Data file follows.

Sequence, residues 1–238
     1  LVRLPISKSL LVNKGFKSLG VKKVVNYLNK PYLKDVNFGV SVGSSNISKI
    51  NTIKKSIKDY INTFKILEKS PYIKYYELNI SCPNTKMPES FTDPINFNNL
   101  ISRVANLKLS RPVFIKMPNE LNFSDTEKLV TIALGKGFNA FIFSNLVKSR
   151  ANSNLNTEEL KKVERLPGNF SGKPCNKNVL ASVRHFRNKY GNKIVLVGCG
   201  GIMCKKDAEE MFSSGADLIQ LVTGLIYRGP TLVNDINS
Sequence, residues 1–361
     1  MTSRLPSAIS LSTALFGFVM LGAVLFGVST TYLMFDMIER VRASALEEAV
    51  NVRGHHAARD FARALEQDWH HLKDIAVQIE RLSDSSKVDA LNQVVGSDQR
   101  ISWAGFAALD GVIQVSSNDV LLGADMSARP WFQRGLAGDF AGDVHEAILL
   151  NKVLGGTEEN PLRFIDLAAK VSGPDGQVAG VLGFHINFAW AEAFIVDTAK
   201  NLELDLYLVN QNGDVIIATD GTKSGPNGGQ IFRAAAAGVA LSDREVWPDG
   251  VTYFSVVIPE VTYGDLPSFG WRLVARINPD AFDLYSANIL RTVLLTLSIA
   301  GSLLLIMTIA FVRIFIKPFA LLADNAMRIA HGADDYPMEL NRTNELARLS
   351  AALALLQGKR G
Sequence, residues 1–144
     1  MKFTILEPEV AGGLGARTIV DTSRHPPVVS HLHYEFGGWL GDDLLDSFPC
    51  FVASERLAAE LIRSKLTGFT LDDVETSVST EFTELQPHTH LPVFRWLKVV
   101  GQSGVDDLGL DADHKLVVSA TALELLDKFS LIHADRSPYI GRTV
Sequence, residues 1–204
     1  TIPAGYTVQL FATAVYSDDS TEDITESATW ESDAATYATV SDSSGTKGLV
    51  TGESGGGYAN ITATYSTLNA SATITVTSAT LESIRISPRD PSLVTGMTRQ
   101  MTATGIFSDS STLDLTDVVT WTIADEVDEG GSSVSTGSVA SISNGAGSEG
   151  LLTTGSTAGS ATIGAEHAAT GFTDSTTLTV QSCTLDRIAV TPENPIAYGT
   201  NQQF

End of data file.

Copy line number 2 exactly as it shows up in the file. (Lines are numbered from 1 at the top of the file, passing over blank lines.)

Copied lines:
     1  LVRLPISKSL LVNKGFKSLG VKKVVNYLNK PYLKDVNFGV SVGSSNISKI